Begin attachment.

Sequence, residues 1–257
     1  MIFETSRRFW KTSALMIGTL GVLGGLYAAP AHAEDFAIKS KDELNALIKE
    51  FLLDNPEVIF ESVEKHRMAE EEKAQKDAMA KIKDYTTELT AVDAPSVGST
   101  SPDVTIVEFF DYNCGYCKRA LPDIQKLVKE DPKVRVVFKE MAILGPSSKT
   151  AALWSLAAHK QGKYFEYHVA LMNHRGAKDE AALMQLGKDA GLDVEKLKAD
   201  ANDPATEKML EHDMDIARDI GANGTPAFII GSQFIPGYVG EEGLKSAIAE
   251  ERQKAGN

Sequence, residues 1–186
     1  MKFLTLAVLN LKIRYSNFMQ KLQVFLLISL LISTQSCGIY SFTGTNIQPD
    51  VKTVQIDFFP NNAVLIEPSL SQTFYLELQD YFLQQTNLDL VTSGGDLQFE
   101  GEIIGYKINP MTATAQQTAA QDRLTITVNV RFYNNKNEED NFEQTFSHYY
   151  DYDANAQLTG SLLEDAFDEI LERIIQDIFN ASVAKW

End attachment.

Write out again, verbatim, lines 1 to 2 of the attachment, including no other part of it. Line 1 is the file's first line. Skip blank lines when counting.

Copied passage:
Sequence, residues 1–257
     1  MIFETSRRFW KTSALMIGTL GVLGGLYAAP AHAEDFAIKS KDELNALIKE